Let's compare the price of 40 common groceries to see which fan-favorite supermarket is more affordable.
Trader Joe's and Aldi are two of the most beloved supermarkets. With their cheap prices, unique items that you typically can't find elsewhere and a distinct let's-not-take-ourselves-too-seriously vibe, these budget grocery stores consistently rank among the most popular in the US. (See this recent YouGov poll in which they place No. 1 and No. 2.) Since these two fan-favorite grocers are close in popularity, you may be wondering, are they close in price, too?
Previously, we compared Trader Joe's and a conventional grocery store, and the data was clear: Trader Joe's was the cheaper option by about 33%. So how does Trader Joe's stack up against the other discount retailer, Aldi? Can shopping at Aldi save you money versus Trader Joe's? We're about to find out.
Before we dive in, note that while Aldi and Trader Joe's operate independently and with slightly different approaches, they've both been owned by the Albrecht family since 1979. (Hustle recognizes hustle.)
Looking for even more ways to cut costs at the supermarket? We found the cheapest grocery delivery service for 2023 and did more math to see how much you can save buying in bulk at Costco for a year.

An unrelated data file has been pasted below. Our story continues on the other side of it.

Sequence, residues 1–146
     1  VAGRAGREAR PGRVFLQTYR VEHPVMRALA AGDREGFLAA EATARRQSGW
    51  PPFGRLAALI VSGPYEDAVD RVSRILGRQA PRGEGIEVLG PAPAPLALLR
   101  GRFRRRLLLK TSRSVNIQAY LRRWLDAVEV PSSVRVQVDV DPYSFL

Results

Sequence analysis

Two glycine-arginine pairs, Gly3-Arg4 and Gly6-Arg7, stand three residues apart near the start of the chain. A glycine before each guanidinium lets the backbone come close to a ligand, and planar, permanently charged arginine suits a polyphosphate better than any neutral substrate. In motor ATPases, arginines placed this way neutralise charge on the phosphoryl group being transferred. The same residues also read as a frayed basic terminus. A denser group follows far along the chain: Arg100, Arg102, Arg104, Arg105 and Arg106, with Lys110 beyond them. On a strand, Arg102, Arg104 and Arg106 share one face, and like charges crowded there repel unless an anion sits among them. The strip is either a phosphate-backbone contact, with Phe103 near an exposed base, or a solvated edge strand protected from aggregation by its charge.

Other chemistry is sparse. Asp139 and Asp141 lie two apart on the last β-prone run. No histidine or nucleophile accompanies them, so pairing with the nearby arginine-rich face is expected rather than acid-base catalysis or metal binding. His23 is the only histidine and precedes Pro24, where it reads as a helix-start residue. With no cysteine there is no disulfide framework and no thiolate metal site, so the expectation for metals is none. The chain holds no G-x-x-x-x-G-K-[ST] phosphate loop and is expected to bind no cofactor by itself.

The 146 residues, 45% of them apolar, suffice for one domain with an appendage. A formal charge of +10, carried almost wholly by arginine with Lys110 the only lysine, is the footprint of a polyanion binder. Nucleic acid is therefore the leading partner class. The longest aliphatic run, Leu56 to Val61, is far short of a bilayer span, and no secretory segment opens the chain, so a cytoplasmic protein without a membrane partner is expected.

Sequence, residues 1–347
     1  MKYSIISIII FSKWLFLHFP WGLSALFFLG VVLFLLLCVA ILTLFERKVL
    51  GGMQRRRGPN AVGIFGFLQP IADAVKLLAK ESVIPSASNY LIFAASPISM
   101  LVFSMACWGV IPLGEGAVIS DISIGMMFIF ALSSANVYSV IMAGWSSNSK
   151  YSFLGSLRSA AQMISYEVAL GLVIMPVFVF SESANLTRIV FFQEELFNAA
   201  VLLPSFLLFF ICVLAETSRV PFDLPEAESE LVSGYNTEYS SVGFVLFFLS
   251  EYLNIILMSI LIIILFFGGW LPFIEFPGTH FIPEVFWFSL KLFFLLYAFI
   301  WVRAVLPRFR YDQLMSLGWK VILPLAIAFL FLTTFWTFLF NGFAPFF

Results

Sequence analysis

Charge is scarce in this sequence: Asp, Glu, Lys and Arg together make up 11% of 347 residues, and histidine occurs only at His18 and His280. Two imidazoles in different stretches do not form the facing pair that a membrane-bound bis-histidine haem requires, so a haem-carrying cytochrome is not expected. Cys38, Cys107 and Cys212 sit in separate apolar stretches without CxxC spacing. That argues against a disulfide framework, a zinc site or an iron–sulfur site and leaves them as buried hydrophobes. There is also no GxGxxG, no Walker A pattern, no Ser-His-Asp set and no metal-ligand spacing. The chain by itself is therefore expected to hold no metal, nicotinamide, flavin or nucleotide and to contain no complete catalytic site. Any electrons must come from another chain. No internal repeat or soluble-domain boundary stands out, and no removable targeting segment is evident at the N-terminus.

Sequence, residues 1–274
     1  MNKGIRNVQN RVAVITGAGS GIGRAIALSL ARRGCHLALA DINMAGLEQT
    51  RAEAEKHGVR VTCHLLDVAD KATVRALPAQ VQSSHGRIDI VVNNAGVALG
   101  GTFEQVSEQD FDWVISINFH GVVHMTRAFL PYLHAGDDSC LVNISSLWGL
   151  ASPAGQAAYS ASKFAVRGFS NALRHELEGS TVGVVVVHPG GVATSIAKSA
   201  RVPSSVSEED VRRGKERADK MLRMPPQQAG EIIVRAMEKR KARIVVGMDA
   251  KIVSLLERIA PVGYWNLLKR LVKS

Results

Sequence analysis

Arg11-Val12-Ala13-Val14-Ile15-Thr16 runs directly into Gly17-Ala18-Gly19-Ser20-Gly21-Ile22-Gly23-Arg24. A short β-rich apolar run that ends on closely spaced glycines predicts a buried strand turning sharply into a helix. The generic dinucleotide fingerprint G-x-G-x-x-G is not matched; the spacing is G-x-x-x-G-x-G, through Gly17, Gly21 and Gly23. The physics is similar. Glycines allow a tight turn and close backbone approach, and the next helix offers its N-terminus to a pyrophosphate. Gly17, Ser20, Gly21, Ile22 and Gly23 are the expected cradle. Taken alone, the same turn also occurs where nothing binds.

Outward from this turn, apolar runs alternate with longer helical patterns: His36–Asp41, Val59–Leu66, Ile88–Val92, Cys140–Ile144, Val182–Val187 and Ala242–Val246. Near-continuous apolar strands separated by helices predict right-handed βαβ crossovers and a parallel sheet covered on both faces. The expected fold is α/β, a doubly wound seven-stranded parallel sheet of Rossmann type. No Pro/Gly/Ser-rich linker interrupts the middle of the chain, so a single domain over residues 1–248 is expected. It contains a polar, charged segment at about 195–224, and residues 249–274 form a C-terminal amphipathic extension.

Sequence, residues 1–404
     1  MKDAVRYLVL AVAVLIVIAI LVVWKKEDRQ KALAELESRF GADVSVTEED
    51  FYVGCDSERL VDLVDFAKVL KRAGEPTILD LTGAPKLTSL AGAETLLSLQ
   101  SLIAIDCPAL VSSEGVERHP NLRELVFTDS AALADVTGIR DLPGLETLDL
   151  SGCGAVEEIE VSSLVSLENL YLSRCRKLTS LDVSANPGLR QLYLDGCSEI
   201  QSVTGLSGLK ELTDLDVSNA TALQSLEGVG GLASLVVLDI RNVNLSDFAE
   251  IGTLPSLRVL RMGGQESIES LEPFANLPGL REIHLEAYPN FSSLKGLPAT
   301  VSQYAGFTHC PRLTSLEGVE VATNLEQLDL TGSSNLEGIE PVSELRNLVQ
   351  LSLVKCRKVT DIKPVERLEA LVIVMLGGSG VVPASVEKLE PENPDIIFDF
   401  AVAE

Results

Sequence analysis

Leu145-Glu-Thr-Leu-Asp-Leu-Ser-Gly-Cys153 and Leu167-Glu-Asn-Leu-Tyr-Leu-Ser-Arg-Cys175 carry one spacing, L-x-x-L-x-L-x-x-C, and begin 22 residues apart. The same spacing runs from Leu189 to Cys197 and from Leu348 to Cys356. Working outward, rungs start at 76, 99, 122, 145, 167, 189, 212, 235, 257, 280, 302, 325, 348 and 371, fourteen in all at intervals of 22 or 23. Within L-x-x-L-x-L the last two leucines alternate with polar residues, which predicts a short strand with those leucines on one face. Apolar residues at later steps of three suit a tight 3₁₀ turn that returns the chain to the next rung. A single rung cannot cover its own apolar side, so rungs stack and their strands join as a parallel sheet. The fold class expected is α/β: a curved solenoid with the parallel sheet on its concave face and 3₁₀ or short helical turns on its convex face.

To calculate the price difference between Trader Joe's and Aldi, I first generated a list of about 40 basic grocery items representing a wide range of price points from nearly all food departments -- from fresh produce to pantry goods to frozen items. While both retailers also carry bath, body and cleaning supplies, my primary interest was the cost of food, so those departments were left out of my analysis.
I sourced item prices in person from Trader Joe's and Aldi stores in the greater New York City area in early February. I looked for equivalent products both in terms of quality and portion size, and I made a note if one store offered a larger size. The prices were not scaled accordingly, however, since I wanted the total to reflect what you might actually find on your grocery receipts.